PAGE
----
14. Hedihues. 2000. Mary Somers, Southeast Asia: A Concise History, London: Thames and Hudson.Google Scholar
  15. Hooykaas, C. 1974. “Cosmogony and Creation in Balinese Tradition. KITLV, Bibliotheca Indonesica, 9. The Hague: M. Nig ho66.Google Scholar
  16. Headley, Stephen C. 1980. Drawings of Balinese Sorcery Leiden: E. J. Brill.Google Scholar
  17. Headley, Stephen C. 2004. Durga’s Mosque: Cosmology, Conversion and Community in Central Javanese Islam, ISEAS, Singapore: Institute of Southeast Asian Studies.Google Scholar
  18. Howe, Leo. 2001. Hinduism and Hierarchy in Bali. Oxford: James Curry; and Santa Fe School of American Research in Bali.Google Scholar
  19. Khanna, Madhu. 2002. “The Goddess-Woman Equation in Śaktā Tantras”, in Durre S. Ahmed (Editor) Gendering the Spirit-Women, Religion and the Post-Colonial Response. London: Zed Books, pp. 35–54.Google Scholar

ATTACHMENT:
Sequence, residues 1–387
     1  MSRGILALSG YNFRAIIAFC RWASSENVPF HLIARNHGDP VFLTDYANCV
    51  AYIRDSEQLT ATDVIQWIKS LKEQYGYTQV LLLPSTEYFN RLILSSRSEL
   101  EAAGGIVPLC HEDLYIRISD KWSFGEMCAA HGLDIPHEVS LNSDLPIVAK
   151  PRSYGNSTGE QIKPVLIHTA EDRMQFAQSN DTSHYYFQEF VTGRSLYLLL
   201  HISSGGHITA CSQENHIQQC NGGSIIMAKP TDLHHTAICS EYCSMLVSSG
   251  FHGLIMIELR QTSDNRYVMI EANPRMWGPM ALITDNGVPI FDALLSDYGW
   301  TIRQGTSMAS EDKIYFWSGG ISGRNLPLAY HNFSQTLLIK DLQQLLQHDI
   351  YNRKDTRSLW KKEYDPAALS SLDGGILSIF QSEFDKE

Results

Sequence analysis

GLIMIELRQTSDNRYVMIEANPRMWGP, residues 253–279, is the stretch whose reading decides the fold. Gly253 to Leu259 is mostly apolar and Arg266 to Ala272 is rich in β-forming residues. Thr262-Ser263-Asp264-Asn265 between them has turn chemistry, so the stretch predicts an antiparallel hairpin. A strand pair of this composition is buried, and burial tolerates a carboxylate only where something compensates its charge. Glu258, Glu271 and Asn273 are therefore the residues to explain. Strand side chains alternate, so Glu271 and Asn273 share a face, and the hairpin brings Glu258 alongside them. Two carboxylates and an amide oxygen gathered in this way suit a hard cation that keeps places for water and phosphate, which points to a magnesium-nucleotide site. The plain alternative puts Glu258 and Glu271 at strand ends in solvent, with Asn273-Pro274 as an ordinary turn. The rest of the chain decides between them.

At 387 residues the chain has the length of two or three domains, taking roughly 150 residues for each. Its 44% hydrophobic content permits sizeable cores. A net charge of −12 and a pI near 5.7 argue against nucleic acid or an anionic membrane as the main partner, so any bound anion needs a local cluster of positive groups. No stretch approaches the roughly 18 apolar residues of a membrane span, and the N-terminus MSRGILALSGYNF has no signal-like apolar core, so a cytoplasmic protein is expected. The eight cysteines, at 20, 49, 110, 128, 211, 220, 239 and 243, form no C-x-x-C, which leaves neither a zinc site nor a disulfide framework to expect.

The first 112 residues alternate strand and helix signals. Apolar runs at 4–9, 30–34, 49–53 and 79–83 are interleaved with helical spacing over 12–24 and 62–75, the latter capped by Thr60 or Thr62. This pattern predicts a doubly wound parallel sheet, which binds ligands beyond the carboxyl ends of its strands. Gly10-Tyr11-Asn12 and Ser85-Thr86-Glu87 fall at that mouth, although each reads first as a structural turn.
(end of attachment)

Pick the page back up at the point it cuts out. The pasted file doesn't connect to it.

20. Pott, P.H. 1946. “Pantheons in Java and Bali” in, Yoga and Yantra, Their Inter-relation and Their significance for Indian Archaeology, Leiden: E. J. Brill.Google Scholar
  21. Ram Seejer, U. 1986. The Art and Culture of Bali. Singapore: Oxford University Press.Google Scholar
  22. Ramstedt, Martin (Editor). 2003. Hinduism in Modern Indonesia – A Minority Religion between Local, National and Global Interests. London: Routledge.Google Scholar
  23. Reuter, Thomas Anton, Custodians of the Sacred Mountains: Culture and Society in the Highlands of Bali, Hawaii: University of Hawaii Press, 2002.Google Scholar
  24. Stuart-Fox, David J. 2002. Pura Besakih: A Study of Balinese Religion in Bali. KITLV Verhandelenpen No. 193. Leiden: KITLV Press.Google Scholar
  25. Sudarshana Dewi. 1957. Ganpati-tattwa Satapitaka Series No. 4, New Delhi. International Academy of Indian Culture.Google Scholar
  26. Suryani, Luh ketut and Gordon D. Jeusen. 1993. Trance and Possession in Bali, Oxford: Oxford University Press.Google Scholar